It is illogical to say that my sister and I did not receive abundant love or care from our parents. I believe that we have received it more than most children I know. I used to accompany my parents everywhere as a child. In fact, I was staying in the Adivasi colony that you toured on January 1, when I was just five years old. My life in Kolkata, Ranni, Mumbai and Bengaluru also opened up a lot of cultures and issues for me . This helped me widen my perspective quite a bit. But things changed when the police force, which you are leading currently, barged into our lives.
When I was 10, my four-year-old sister Savera and our mother were unreasonably taken into police custody. Due to the unending harassment from your force, she decided to give up her job in the Kerala High Court and became a full time social activist. She had then written a letter to the Chief Minister VS Achuthanandan criticizing the force which pressured her into the decision. I am just issuing a gentle reminder that it the police force that you represent which forced us to remain uneducated.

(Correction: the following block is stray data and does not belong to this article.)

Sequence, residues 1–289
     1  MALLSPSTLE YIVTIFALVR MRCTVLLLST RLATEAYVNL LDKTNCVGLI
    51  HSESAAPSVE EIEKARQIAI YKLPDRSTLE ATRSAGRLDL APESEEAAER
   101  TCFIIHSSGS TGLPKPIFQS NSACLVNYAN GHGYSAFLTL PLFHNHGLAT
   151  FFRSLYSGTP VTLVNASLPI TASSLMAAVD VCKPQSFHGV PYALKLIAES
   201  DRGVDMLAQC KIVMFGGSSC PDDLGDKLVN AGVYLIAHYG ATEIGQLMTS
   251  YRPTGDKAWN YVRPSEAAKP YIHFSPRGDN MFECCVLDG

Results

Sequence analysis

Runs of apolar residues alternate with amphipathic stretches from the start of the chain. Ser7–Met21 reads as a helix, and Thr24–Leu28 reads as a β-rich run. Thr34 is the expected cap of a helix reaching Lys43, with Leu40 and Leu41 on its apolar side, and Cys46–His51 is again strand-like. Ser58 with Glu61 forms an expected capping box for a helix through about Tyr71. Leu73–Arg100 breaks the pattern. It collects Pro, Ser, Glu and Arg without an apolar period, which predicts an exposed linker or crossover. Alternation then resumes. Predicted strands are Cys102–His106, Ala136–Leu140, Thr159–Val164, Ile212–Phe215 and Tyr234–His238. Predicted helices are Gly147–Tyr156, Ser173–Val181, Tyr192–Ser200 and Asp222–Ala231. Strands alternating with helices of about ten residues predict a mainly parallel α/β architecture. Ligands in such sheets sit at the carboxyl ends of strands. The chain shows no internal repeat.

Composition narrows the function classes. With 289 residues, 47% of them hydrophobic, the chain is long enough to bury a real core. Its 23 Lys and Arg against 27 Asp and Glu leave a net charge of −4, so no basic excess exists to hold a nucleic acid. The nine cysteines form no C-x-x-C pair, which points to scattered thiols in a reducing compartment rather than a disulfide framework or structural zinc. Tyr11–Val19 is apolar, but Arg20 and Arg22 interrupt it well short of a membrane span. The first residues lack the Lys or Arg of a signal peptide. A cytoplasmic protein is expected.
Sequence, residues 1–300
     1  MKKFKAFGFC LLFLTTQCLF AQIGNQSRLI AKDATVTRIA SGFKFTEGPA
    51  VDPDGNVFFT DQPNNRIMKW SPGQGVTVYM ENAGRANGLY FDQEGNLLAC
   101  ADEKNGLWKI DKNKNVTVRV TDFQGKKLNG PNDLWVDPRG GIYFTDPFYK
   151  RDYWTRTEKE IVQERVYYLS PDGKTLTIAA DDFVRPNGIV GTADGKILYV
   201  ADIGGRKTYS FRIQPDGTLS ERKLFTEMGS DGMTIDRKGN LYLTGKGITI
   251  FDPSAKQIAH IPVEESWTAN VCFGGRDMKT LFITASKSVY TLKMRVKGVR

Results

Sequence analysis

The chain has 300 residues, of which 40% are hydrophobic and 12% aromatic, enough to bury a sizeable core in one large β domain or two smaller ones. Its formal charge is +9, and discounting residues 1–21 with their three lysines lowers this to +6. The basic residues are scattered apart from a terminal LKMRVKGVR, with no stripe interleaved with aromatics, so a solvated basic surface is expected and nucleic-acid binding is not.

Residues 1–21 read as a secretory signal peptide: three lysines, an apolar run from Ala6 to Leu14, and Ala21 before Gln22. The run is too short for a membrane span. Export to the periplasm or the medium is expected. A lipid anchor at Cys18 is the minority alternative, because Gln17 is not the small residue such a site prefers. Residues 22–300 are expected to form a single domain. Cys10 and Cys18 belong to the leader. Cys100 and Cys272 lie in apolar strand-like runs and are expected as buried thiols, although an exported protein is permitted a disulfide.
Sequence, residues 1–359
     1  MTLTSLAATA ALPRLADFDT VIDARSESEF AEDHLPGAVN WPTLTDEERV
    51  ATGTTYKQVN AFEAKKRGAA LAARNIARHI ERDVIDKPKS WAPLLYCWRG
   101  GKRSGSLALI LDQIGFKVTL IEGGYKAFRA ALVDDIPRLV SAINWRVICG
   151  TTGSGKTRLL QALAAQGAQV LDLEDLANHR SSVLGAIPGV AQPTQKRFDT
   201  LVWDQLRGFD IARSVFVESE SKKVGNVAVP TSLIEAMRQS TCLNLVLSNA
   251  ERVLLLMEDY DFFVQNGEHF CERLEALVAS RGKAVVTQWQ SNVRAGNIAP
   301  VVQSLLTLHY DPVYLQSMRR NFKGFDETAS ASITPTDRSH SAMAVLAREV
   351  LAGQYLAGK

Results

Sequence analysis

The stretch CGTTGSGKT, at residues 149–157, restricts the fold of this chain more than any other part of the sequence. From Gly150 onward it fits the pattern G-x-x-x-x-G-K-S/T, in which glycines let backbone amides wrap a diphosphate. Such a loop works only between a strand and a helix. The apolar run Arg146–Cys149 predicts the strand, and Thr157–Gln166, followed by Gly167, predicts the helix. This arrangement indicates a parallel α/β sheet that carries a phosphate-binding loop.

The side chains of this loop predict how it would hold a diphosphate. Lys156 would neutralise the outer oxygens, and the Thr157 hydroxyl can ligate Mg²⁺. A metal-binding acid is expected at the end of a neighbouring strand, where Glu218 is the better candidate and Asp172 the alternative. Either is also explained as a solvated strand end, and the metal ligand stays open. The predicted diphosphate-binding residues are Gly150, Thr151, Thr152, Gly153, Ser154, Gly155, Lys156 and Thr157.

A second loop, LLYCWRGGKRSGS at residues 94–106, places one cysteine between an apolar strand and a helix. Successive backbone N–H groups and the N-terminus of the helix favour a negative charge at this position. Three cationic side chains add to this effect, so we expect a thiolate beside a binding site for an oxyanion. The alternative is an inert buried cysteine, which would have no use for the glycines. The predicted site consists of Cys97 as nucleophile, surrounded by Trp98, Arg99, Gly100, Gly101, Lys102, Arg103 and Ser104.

In your letter, you also opined about how worried you were about people leading us astray. You also urged us to be cautious of them. But the reality is different. A group of policemen broke the front door of my house without a warrant and raided it. They also disrespected me. They told my then five-year-old sister that if they get their hands on my father, they would kill him by a bludgeoning his head with a big stone.